And then, today, the abrupt news that Marvel and Netflix have decided to just kill Iron Fist season 3.

I mean, it wasn’t going to be good. The people who made Season 1 made a bad thing and the people who made Season 2 with fewer excuses for it being bad. Now I’m wondering if it’d be worth my time to even commentate on the series as a media object itself, or if it’s more of a closed circle. Is there a meaningful autopsy there? Is there a sincere, reasonable purpose to dismantling the terribleness of Iron Fist season 2? Would it be interesting, or edifying?

I’m not sure.

But it is pretty weird to sit back, watch a show on Netflix, say ‘this is garbage’ and then have the voice from on high agree with me.

Solitaire, The Coded Cardboard

I think a lot about single player games.

I think about them a lot because it’s kind of the main way I have had to play board games most of my life. I didn’t have friends growing up. My sister and I weren’t on the same level – she could see different means to how games like Monopoly worked, and I never got the impression playing games with me was fun for her. This meant that I played a lot of solo ‘board’ games, sort of.

You know Solitaire? That game that we use as an example of a minimally interesting sort of videogame? I played it a lot growing up. I had a desk, I had a deck of cards from a Go-Lo, and I sat and actually played Solitaire, and Freecell, and I learned how those games worked from watching them work on a computer. I had to translate their rules. To this day I don’t know if Solitaire has some secret hidden rule to prevent broken arrest states.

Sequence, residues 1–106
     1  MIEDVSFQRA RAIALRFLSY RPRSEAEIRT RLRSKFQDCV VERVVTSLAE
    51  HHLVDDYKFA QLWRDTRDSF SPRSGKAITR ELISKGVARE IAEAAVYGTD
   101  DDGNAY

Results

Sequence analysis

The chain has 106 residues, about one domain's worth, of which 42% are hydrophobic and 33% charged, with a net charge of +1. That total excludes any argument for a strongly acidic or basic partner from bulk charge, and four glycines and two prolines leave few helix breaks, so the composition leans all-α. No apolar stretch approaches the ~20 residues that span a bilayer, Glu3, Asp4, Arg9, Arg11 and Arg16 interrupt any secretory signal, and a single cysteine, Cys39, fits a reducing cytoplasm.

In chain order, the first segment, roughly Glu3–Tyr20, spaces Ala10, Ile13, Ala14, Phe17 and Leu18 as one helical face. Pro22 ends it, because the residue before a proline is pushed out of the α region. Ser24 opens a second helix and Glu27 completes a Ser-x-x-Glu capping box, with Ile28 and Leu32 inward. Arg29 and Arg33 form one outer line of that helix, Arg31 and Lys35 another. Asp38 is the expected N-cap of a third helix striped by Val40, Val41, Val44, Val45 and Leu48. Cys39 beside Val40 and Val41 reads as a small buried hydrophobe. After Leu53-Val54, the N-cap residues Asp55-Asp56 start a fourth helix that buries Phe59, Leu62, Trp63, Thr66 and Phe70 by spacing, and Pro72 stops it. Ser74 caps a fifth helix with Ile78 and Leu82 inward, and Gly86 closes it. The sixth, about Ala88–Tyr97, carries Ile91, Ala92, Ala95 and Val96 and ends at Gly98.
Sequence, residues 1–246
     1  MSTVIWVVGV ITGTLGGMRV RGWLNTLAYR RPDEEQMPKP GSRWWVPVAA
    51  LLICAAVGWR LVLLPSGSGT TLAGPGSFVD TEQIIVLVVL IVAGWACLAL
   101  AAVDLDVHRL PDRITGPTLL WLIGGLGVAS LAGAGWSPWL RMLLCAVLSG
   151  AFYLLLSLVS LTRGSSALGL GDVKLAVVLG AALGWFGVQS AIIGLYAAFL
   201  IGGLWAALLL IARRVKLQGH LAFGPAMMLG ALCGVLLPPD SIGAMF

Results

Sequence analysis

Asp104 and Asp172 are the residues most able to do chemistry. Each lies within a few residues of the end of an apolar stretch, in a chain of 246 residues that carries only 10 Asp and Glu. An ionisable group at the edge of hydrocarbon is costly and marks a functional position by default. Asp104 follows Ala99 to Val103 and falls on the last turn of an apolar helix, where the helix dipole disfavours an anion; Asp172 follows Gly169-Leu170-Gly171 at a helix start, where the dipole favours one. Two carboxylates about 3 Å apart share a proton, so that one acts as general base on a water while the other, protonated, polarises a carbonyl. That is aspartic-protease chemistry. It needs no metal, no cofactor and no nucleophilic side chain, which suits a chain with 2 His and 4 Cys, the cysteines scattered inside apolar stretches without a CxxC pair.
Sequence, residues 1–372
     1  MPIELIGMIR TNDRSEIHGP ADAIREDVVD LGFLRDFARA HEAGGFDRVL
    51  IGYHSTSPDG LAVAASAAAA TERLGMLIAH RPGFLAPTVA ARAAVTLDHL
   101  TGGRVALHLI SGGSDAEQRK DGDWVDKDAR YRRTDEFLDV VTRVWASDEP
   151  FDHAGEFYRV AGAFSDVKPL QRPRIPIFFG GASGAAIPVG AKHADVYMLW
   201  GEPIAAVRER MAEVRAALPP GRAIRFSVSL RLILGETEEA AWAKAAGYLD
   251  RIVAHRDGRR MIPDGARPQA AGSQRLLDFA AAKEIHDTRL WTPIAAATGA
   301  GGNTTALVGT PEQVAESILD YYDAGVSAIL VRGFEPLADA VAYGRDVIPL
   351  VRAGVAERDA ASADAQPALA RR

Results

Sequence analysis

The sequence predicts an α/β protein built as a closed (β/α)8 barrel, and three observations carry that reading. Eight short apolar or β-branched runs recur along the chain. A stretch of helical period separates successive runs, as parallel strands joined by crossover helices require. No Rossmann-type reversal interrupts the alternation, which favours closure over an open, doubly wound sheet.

Neither of these games has an ‘AI’ to them, but they’re solitaire games that present resistance. Solitaire itself is a bit like picking a big lock, constructed out of a bunch of parts that have no reason to care about how they were arranged previously. Solitaire is… interesting in that regard. It wasn’t made to make that lock – the game, the structure of it – is part of how that lock comes together. The rules impose on the pieces and create the puzzle. That is, the game is a code that creates the play.

I’ve sometimes murred about coding cardboard. What I find interesting is how do we make games like this, that are interesting solo experiences, where the play can be satisfying, and then, can we make that design space interesting to interface with? Solitaire’s metaphor is sorting your deck of cards, so what other stories can we impose on these complex locks?

And what can we do to make that fiction interesting as we work on it?

MTG: Halloween Commanders, Part One

This started out, at first, as an attempt to make a Halloweeny Commander deck. Then it became an examination of two Halloweeny Commanders side-by-side. Then four. Then six. Then I realised that I have no business trying to make decks for all these, certainly not in a month.